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Posted by
Alan Hester

How do I avoid homes with flood damage or should I?

I'm nervous about homes that have flooded during Harvey. I see some for sale with obvious flood damage. My understanding is that this type of information must be disclosed. Is that true? How can I determine what areas were impacted?

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How do I avoid homes with flood damage or should I?

By Alan Hester   
Posted on Feb 03, 2018 in Topic: Home Buying
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I'm nervous about homes that have flooded during Harvey. I see some for sale with obvious flood damage. My understanding is that this type of information must be disclosed. Is that true? How can I determine what areas were impacted?

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  • Thank you everyone for your responses. I know of certain areas to avoid like River Plantation and Timber Lakes that flood during a heavy rain storm. I lived in the Houston area my entire life and Allison, Tax Day and Harvey are the examples of flooding I had in mind. You\'ve helped alleviate my concerns.
    about 8 months ago
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Asked by: Consumer
Posted: 9 months ago
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Rhonda Ferris
about 9 months ago
#1 AWARDED - BEST ANSWER
Hello Alan,

I understand you concern about purchasing home that may have flooded. It almost seems that no area in Houston wasn't effected by Harvey. Deciding to purchase a home that once previously flooded is totally a personal decision. It is impossible to determine if a property will flood again, just the same as it is impossible to determine if a property that has never flooded will flood in the future. I feel that it is everyone's best interest to contact their insurance agent and probably should get flood insurance.

Yes, a seller must disclose if a property they selling has flooded in the past. Form TAR 1406, "Seller's Disclosure Notice", Section 3 asks, "Previous flooding into the structure;" and "Previous flooding onto the property". This is something that the seller must complete. If they don't answer those two questions I would inquire as to why they didn't. Could they lie, of course but I am not going to go into that understandably. There are a some seller's that are excluded from providing a Seller's Disclosure Notice such as foreclosed properties. In this case I would ask the neighbors. If they are not nice and don't want to answer your question then you probably don't want to live there anyway.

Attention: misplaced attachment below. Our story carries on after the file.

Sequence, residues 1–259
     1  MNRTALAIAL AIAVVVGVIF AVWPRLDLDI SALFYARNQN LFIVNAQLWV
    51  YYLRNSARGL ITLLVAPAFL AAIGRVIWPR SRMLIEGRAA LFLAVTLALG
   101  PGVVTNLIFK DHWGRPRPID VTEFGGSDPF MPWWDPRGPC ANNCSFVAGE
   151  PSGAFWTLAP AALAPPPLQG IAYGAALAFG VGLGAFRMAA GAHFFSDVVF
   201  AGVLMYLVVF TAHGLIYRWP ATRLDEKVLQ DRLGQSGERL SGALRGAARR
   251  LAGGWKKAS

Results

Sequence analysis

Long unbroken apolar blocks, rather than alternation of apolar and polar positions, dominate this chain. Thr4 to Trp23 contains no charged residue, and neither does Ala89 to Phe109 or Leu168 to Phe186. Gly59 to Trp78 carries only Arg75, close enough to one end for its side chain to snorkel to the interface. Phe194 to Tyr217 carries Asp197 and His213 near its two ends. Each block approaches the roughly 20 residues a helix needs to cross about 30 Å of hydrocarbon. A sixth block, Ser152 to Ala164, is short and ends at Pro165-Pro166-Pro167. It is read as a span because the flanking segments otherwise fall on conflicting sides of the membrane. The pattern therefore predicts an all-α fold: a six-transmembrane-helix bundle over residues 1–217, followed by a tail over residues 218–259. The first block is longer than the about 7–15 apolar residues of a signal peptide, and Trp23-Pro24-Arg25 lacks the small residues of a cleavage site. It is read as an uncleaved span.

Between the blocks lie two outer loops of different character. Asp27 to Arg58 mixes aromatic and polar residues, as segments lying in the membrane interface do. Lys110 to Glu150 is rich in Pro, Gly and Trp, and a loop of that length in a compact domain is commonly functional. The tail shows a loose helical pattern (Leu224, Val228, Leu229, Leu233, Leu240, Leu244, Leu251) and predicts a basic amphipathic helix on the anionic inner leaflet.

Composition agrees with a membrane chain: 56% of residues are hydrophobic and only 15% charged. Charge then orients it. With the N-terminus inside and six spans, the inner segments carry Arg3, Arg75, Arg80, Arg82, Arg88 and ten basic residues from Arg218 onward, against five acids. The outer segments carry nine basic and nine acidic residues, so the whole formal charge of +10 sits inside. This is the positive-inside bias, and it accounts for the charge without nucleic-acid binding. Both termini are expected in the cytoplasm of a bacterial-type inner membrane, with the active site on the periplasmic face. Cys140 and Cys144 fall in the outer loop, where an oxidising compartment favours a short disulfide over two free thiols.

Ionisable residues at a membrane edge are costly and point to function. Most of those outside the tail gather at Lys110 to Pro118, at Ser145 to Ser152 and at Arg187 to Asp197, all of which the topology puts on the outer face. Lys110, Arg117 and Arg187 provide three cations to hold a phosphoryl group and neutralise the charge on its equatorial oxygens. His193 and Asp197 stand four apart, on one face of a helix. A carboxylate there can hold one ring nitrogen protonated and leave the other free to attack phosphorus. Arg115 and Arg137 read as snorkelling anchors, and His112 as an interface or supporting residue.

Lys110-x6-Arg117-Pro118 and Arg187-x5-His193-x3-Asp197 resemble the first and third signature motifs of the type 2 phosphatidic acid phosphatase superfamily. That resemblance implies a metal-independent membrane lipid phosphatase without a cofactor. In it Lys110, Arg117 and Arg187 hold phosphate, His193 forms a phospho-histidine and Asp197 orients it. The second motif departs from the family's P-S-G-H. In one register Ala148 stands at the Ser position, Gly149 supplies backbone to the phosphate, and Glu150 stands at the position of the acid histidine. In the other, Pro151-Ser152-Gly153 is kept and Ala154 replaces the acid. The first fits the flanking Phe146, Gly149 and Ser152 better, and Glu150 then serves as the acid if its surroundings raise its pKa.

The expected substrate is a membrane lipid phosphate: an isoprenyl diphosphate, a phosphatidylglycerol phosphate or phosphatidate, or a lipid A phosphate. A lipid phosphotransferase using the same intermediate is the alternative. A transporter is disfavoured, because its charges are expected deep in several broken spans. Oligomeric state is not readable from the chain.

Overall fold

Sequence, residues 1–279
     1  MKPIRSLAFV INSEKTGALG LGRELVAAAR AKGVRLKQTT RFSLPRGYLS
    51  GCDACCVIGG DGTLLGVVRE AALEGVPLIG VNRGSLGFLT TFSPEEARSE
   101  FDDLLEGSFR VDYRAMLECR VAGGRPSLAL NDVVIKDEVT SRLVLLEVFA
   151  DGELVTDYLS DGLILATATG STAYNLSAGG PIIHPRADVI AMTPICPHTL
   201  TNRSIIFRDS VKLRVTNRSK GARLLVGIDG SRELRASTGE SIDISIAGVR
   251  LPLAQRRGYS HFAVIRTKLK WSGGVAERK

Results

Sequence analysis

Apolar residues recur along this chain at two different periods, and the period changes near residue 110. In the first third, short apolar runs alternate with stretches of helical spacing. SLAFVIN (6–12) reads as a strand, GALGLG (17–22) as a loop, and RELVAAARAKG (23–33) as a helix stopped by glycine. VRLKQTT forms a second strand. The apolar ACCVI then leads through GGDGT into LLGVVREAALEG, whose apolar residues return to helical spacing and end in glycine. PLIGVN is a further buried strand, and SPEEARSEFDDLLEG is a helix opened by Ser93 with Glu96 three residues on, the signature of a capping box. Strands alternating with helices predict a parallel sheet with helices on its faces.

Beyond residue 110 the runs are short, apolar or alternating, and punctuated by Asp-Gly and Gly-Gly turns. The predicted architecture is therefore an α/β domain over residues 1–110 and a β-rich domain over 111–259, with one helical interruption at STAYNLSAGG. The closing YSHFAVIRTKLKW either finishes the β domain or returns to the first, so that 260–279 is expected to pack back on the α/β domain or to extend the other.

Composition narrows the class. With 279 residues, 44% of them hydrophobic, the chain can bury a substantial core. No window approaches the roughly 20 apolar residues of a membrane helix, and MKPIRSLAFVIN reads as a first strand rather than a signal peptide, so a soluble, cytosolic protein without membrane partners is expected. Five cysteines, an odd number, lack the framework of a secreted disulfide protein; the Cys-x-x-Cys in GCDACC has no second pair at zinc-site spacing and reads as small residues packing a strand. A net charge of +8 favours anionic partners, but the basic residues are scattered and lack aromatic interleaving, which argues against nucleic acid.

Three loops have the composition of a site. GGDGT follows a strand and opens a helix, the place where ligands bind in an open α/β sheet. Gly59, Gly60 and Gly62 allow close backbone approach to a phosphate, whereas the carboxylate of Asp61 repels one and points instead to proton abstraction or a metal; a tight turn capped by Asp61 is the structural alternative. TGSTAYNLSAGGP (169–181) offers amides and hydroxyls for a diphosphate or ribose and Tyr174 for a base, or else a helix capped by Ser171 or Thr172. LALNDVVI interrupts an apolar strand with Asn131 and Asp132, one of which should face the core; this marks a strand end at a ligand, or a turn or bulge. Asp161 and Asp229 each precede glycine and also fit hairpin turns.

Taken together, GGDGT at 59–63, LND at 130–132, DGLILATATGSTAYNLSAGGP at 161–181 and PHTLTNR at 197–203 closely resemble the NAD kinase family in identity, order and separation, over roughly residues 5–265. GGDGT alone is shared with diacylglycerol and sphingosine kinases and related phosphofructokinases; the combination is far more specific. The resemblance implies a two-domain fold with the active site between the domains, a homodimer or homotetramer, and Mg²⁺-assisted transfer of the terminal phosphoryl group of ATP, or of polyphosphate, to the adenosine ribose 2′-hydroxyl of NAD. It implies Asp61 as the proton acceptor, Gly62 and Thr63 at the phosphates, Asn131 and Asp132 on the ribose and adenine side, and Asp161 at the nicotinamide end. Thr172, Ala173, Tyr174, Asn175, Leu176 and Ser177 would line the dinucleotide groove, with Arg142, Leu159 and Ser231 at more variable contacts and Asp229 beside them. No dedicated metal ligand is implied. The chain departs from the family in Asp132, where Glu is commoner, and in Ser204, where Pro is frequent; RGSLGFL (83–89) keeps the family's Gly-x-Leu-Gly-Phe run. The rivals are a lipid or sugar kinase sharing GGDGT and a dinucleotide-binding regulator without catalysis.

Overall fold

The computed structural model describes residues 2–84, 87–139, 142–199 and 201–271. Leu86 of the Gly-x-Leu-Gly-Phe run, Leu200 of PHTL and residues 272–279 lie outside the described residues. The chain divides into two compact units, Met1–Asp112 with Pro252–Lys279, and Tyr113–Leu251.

Please let me know if I can answer any additional questions. If you are looking for a Realtor that will help you purchase a property I would love to hear from you.

Rhonda Ferris
Sales Associate
RE/MAX Associates Northeast
713-819-7372

about 9 months ago
Diamond
Cagdas Acar
about 9 months ago
Hi Alan,

It is the legal responsibility of the sellers to disclose the any flooding happened to the property within seller's disclosure. The disclosure should explain how long and how much it is flooded and any remodeling, remediation done afterwards. Addition to the disclosure, Realtors can find out the areas mostly effected from the Harvey and avoid you from those areas.
As mentioned, Harvey was one of the biggest disaster that resulted extensive damages. A lot of houses was hit by Harvey. I have listed flooded houses. They got remodelled and upgraded, mold treated and inspected. And personally they are no different from non flooded property even better with all newly done and upgrades.
You might ask these questions before consider buying previously flooded houses. Has the house been professionally mold treated ? and has mold free certification ? Who does the remodelling, ask for warranties, bills, receipts etc? Do the neighboors fixing or already fixed or selling away their homes or how soon they will finish their remodelling ? how does the neighboorhood look like ? Is there any change on flood maps and flood insurance policies ? Was it first time flood ? What the county or MUD has done or doing to prevent, mediate the future flood, example the bayous and ditches has been widened and deepened ? The financials ?

If you need further information You can call me 832-283-1091

Regards,

Cagdas Acar
Msc PSA VLB Realtor
832-283-1091
acarster@gmail.com
www.cagdasacar.kw.com